Confessing only one sin?


#1

I apologize if this question has already been asked/answered, but I couldn’t find it by searching.

I understand that each person is unique and that it’s never “wrong” to go to confession, but I have a question regarding repeat sins. Let’s say there are 1 or 2 particular sins with which you struggle. If they are mortal, they should be confessed before receiving the Eucharist. In that case, is it unusual to enter the confessional and only confess those 1 or 2 vices?

Again, I realize “unusual” is a subjective term. But I find myself almost digging for sins to confess simply because it seems odd to me to confess so few (even though this is a good thing and a result of more frequent confession!).

Thank you for your help!


#2

Personally, I can usually think of at least 4-5 venial sins which I add in to my confession. So even if I committed 0-1 mortal sins, I rarely find myself going in with one only. Someone who confesses and receives the Eucharist frequently may not have many mortal sins to offer, but those who find themselves lacking in sins to confess after, say, 4-6 weeks, should do a more thorough examination of conscience, and you will often find that you tend to fall into a complacency that masks the presence of sins from your conscience.


#3

I have absolutely no idea what other people confess in the Confessional, but I have sometimes gone in with only one sin, and the priest never acted like there was anything wrong with that. :slight_smile:


#4

I don’t think it unusual and would go to confession.

Peace


#5

It shouldn’t be unusual. If people confessed as they were supposed to, monthly or so, and immediately after a mortal sin, then anyone coming into confession would frequently have one single mortal sin in consideration. However, people don’t confess like they are supposed to. They commit a mortal sin and then wait another month to have confession. Or until the proximal “communal penance service” - oh how I hate those. Our pastor has abolished communal penance, because he says it encourages just such bad behavior. We have frequent and generous opportunities for scheduled confessions, and the priests are always amenable to unscheduled confessions.


#6

I have found that the more often I go to confession, the more I see my sins. Go ahead and go and if you only have venial sins to confess just say at the end, “I ask for mercy and forgiveness for these sins, any I may have forgotten, and all the sins of my past in particular the sin of …”. If you only have venial sins to confess, including a past mortal sin will validate the confession. At least this is my understanding and every time I’ve confessed like this the priest has always told me I made a good confession. Go as often as you wish.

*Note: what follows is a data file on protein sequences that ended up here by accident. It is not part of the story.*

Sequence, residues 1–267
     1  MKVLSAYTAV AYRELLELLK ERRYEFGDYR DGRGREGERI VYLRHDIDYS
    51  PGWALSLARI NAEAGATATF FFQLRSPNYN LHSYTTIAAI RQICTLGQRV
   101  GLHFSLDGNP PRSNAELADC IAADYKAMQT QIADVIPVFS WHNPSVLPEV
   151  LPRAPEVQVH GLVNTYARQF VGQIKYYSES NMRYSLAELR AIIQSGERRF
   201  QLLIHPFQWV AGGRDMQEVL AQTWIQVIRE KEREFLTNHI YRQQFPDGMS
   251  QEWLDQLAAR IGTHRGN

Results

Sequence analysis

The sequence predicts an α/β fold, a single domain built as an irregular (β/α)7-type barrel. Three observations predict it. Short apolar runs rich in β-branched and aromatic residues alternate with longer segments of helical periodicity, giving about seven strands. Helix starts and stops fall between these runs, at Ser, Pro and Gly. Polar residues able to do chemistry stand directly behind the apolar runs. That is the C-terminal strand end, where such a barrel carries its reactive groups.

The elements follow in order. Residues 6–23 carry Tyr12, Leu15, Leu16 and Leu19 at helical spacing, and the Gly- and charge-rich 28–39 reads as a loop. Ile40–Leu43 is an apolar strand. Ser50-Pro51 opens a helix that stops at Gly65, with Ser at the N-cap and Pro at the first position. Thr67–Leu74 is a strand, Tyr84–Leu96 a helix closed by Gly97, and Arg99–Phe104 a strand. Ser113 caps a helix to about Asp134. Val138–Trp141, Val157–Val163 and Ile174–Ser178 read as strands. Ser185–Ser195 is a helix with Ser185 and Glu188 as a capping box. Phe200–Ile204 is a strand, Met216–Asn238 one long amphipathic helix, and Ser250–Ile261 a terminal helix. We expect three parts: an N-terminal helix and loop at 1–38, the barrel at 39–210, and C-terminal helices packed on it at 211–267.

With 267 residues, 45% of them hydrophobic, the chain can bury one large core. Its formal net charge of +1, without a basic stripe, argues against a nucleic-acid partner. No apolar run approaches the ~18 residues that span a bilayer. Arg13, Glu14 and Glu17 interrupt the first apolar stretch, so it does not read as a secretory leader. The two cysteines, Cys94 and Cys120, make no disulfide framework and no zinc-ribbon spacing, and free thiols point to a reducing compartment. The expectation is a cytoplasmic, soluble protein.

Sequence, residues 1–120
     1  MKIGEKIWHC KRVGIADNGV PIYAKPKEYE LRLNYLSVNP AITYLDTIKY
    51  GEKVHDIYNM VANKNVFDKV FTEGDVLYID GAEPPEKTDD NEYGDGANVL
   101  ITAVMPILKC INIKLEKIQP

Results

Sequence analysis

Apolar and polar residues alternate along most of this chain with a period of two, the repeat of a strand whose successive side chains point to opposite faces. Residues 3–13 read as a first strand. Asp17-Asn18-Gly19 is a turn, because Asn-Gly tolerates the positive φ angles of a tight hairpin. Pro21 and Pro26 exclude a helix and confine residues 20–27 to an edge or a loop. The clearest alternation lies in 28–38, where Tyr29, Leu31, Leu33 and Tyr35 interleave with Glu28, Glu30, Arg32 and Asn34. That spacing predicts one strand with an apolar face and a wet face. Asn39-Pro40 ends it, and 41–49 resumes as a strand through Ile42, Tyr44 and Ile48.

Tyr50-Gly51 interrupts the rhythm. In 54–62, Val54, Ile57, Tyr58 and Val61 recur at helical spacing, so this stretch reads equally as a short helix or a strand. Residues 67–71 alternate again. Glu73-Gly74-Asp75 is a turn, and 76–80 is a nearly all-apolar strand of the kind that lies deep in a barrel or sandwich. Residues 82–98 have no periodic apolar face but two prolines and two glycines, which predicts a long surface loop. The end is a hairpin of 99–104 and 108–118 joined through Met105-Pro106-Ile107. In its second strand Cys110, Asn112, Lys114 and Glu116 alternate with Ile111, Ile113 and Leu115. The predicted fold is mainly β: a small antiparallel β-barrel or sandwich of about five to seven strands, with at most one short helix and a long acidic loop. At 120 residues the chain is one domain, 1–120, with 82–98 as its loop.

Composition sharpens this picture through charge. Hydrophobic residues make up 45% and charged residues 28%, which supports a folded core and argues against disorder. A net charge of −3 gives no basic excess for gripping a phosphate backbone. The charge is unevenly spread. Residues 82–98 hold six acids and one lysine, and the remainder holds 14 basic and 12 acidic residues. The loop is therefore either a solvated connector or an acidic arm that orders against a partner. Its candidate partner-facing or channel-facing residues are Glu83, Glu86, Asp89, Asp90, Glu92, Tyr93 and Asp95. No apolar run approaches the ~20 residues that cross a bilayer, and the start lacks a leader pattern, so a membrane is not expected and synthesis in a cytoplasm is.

#7

One is obliged to confess all of ones mortal sins (number and kind…)

If one has mortal sins - one can stop there.

If one does not have mortal sins one can confess venial sins in various ways - even if one wishes to zero in on one or two (that one is repentant of course- though remember that repentance for venial sins need not be like it is with mortal sins).


#8

Perhaps find a more challenging Examination of Conscience?

Just a thought… :o


#9

I take a less mechanistic approach to confession. I rather focus on the one part of my person where I am the most broken and which leads me the most frequently to mortal sin and often to despair. I focus on making confession a healing experience, and a tool to aid my inner conversion (which is of course one of my three oblate promises: stability, obedience and conversion).

I found that a mechanistic approach to confession just led to scrupulosity and feeling worse in the long run, with no discernable impact on what makes me “broken”. In fact it’s a mechanistic approach that leads me down the road to despair.

I work with a regular confessor who knows me, and I find that helps a great deal, particularly since he keeps hammering the theme of God’s grace and mercy especially when I’m at my worst.


#10

I would not say such is “mechanistic”,…

But yes if one does not have any mortal sins -one can approach the confession of venial sins in various ways - there is great freedom in what one confesses venial sins and one can focus in on various particular sins (particular area of ones venial sins) that are more of a struggle for one. Such is one very good way to make progress in the spiritual life. And indeed- it is very good to focus on the healing aspects of confession (and the renewal of baptism!).


closed #11

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